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Thursday, 25 October 2012

Gamers, Don't Trust The Fans

As anyone involved in games journalism will be aware of, the past few days have been rife with discussion about this weeks hot topic, the integrity of games journalists. I wasn't intending on addressing it, primarily because I believe that we all should be spending our time discussing and producing content for the gaming community, but there are a few comments in a recent column from Robert Florence that I felt I wanted to address in more than 140 characters.

I'm not going to be discussing the ethics of what happened with the competition or who allegedly did what but rather focus on two key points in Mr Florences article:

1. Games journalists cannot write about a game/game series that they have publicly displayed a passion for without their integrity being questioned.

2. Games journalists/PR/developers cannot be friends and possess the ability to separate their professional and personal relationships.

Now as anyone who knows me personally or even online will be aware, I am a huge Mass Effect fan. I got into the series later than others but the titles instantly appealed to me at a grand scale - featuring what I believe to be an interesting narrative and engaging characters.

Because of my love of the series, I have collected many related pieces of merchandise over the years from little trinkets, statuettes and my personal favourite, an N7 hoody that I'm rarely seen without. My Mass Effect collection is made up of items I have both acquired through promotional events/expos and primarily things I have purchased.

The beginning of the end

Rewind to December 11th 2010 and Bioware have announced Mass Effect 3 with a brand new trailer tagged with a Holiday 2011 release date for the final title in the trilogy. Of course I was tweeting prolifically about my excitement around the title as new pieces of information and images were released right up until the release of the game which I would be reviewing.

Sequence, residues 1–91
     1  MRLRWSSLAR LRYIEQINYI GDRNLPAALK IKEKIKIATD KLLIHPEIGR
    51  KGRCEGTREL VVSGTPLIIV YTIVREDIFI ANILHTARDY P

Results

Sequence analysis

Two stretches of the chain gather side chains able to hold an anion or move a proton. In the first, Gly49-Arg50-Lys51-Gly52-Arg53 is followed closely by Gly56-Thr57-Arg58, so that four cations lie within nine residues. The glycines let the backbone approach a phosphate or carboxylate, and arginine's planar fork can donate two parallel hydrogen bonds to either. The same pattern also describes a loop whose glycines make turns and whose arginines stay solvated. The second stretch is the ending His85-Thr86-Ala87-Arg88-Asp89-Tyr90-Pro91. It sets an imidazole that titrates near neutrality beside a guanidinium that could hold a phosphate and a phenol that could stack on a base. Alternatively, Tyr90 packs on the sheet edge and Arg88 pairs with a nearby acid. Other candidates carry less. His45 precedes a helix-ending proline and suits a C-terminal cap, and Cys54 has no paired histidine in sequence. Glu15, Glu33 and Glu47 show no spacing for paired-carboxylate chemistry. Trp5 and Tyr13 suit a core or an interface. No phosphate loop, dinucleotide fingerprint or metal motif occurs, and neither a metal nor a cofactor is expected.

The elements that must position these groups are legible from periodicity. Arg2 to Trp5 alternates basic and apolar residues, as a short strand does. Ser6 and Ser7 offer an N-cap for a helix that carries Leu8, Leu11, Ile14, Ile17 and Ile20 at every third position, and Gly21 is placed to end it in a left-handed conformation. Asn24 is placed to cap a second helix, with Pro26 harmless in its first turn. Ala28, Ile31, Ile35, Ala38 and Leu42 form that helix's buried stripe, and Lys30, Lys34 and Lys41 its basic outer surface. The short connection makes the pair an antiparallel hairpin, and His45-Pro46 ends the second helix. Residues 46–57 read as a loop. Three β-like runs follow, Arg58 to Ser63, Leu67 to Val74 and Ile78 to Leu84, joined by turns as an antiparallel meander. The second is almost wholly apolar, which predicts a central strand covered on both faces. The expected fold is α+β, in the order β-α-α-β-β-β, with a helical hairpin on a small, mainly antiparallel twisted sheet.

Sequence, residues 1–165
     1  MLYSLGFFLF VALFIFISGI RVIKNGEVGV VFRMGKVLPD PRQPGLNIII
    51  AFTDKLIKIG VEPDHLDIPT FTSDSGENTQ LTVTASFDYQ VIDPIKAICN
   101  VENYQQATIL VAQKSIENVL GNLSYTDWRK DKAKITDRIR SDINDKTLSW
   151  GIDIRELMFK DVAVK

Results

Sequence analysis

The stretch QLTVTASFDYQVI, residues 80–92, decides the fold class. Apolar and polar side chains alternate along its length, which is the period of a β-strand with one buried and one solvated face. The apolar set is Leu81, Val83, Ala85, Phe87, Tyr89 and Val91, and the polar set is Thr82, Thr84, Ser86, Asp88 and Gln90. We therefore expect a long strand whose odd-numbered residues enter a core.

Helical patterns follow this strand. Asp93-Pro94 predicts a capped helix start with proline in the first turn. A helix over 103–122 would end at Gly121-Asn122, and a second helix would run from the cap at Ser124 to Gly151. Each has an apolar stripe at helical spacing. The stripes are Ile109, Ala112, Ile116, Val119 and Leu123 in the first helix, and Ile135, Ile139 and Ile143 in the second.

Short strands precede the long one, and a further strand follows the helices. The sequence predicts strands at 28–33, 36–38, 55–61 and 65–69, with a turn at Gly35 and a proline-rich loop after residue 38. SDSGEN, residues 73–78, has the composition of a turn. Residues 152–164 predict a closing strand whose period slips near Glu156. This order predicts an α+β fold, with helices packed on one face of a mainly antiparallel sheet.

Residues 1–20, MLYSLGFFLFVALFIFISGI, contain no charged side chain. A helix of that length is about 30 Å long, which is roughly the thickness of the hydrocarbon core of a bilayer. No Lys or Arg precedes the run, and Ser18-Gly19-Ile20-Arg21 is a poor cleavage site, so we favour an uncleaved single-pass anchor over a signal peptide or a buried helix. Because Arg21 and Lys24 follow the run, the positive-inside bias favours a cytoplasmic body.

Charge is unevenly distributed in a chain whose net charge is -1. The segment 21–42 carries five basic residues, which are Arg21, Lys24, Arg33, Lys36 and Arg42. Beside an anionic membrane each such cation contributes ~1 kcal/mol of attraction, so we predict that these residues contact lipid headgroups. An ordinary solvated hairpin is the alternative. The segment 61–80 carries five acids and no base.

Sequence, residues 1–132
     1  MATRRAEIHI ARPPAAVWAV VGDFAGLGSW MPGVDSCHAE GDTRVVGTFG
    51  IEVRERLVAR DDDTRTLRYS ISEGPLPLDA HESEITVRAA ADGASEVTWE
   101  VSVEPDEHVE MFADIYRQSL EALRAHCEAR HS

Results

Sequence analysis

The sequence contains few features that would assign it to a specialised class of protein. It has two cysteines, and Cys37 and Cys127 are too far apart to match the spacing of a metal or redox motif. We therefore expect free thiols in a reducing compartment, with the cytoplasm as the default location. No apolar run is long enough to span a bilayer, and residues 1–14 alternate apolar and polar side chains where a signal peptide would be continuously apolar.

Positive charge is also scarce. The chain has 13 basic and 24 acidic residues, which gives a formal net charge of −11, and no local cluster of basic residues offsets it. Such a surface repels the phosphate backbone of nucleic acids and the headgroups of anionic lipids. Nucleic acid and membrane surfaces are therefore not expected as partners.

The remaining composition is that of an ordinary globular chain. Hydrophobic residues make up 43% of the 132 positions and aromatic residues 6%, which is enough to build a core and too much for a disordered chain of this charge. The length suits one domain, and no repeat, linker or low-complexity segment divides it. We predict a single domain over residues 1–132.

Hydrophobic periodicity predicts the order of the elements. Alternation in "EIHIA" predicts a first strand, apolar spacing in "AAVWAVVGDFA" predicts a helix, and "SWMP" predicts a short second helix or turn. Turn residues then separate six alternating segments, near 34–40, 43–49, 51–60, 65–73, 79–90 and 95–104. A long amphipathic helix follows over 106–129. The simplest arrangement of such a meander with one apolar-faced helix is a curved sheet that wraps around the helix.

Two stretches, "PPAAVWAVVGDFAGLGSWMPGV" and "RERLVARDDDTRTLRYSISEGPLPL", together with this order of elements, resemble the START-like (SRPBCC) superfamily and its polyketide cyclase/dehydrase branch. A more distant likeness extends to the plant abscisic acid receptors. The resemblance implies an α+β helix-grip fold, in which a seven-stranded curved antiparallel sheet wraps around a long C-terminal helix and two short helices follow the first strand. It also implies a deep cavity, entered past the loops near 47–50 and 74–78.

Now, prior to actually getting my hands on the full game I had attended as many promotional events as I could, published plenty of related content on StickTwiddlers.com, picked up a few freebies (a tee and a blow-up Omni Blade) and developed a relationship with members of the BioWare team - leading to the site giving away a few hundred early access beta keys for a competition following an independent piece of coverage I wrote following the first glimpses of female Shepard in a trailer.

Did my public love for the series and my relationship with members of the BioWare team compromise my opinion of Mass Effect 3? Of course not. Did I think that it was an absolutely flawless title and the best game ever made? Of course not. Why? Because I'm a fan.

Fans of anything are always the most critical of the final product and will do anything they can to find out any piece of information, as trivial as it may be. Their product is something that they have developed a long-term emotional attachment to and as such will pick it apart to the core and will always ask the hard questions. I want a fan to review a product or bring me news on the latest information as I know that they are the most qualified for the job. It's like asking for a different plumber because you think this ones red overalls and thick moustache might compromise his opinion of your flooded kitchen.

My personal passion for a series has meant that I've always been able to provide my community with the best and most up to date Mass Effect related content there is, and I think everyone has been the better for it. Anyone who wants to question my integrity for being a fan or having a relationship with members of the dev and PR team can just ask me what I thought of the "Commander Shepard: Space Farmer" mechanic in ME 2.

Pic I tweeted early 2012 post ME3 hands-on

There are of course fans who will blindly love the product they support and those who may let their personal relationships affect their content, but I feel that these are in the minority and that there are enough outlets for people who feel like they are consistently finding non-critical coverage to discover other places to get what they want.

I firmly believe that those in the gaming industry are here because they have a passion for video games (it's certainly not for the paycheck) and if they're not, I frankly don't want them to be. You get the best out of people who love what they do and anybody who doesn't publicly display their love for games and their favourite titles shouldn't be trusted, not the other way around.

Now go back to tweeting/Facebooking/blogging about how awesome Hotline Miami is, you fanboys/fangirls.